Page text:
Google starts automatically encrypting data stored using its Cloud Storage service

August 19, 2013
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    Google Cloud StorageGoogle has started encrypting all the data written to disk using its Google Cloud Storage service. Unfortunately this doesn’t apply (yet) to Google Drive, Google’s consumer level cloud storage service. Google Cloud Storage is an enterprise service offered by Google for use together with its other web service offerings like App Engine and Compute Engine.

    According to a blog post made by Dave Barth, the Product Manager for Google Cloud Storage, there is no setup or configuration required and no need for users to change the way they access the service since the data is automatically and transparently encrypted and decrypted when accessed by an authorized user.

    Seen as a possible move to sooth users fears about snooping by government agencies like the NSA the use of disk encryption is vital for certain types of applications, but it only stops an unauthorized person accessing the data if they physically get hold of the disks. This would mean that the NSA would need to swoop into the Google data center and start stripping out hard drives from machines, if that happens then your data will be secure… almost…

    I say almost as the keys used for the encryption are automatically managed by Google using “the same hardened key management systems” that Google uses for its own encrypted data. Access to these keys is apparently strictly controlled and audited. However if Google was forced by law to hand over those keys then the encryption becomes irrelevant.

    Each Cloud Storage object’s data and metadata is encrypted under the 128-bit Advanced Encryption Standard (AES-128), and each encryption key is itself encrypted with a regularly rotated set of master keys
    Dave Barth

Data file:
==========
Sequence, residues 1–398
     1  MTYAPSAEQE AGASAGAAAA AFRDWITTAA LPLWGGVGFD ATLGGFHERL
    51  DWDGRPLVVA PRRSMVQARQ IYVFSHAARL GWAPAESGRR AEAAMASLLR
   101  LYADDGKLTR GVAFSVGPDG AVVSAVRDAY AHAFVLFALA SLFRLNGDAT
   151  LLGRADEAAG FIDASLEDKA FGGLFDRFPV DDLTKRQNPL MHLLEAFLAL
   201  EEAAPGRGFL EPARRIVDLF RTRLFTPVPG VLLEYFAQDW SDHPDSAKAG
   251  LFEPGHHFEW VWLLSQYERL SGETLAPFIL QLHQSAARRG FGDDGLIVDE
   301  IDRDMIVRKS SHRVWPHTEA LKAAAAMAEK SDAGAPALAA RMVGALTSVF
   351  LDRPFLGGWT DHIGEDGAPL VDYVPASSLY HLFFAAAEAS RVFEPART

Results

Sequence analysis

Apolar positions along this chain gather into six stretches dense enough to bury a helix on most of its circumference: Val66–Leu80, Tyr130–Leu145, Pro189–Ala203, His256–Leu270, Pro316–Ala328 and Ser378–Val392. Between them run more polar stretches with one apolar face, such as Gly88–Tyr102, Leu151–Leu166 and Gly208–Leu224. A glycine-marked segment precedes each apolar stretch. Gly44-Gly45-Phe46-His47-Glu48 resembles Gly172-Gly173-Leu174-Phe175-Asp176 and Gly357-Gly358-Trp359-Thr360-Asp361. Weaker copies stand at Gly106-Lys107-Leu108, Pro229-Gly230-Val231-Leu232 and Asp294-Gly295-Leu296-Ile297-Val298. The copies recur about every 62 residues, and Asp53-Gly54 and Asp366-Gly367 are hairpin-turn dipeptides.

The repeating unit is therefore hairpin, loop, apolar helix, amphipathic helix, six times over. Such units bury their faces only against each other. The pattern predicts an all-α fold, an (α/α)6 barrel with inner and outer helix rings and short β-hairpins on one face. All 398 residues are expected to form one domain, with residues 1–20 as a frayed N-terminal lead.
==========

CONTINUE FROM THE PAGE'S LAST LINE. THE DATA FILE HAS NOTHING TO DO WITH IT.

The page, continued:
NSA besides, the move should stop any disgruntled employees from stealing your data. Barth also points out that if you are uncomfortable with Google managing your keys then “you can still encrypt data yourself prior to writing it to Cloud Storage.”

    As for Google Drive, it is rumored that Google is experimenting with server-side encryption for Drive and rolling it out to enterprise customers could be the first step to adding it to its consumer level offering, as probably Google Drive uses the same infrastructure as Google Cloud Storage.

    Do you think server side encryption using keys handled by Google makes any difference to the level of security? Let me know your thoughts?

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    Comments

    • MasterMuffin

      I don’t believe that the security level rises that much, because the weakest part is always the password. 12345678 or password are really secure, trust me!

      • Perv Bear

        Don’t worry I use qwerty for my password.

        • MasterMuffin

          That’s mine too (not in Disqus though, don’t even try)

          • smokebomb

            I’ve recently started changing letters that look like numbers/symbols to those number/symbols just because all this NSA stuff has made me slightly more paranoid.

            • MasterMuffin

              Big and small letters + numbers + weird symbols at least 16 characters and that’s it!

    • ME
    • vidar

      Dont trust in cloud.Its like i give my house keys to a jew!

    • NeedName

      It’s irrelevant as the NSA requires Google to give them access to the keys by a blanket court order that they are not allowed to talk about, and Google, MS, apple, etc. have all gone along with this BS without putting up a single fight.

      So, it doesn’t matter what they do with their encryption. . . all your data is being looked at.

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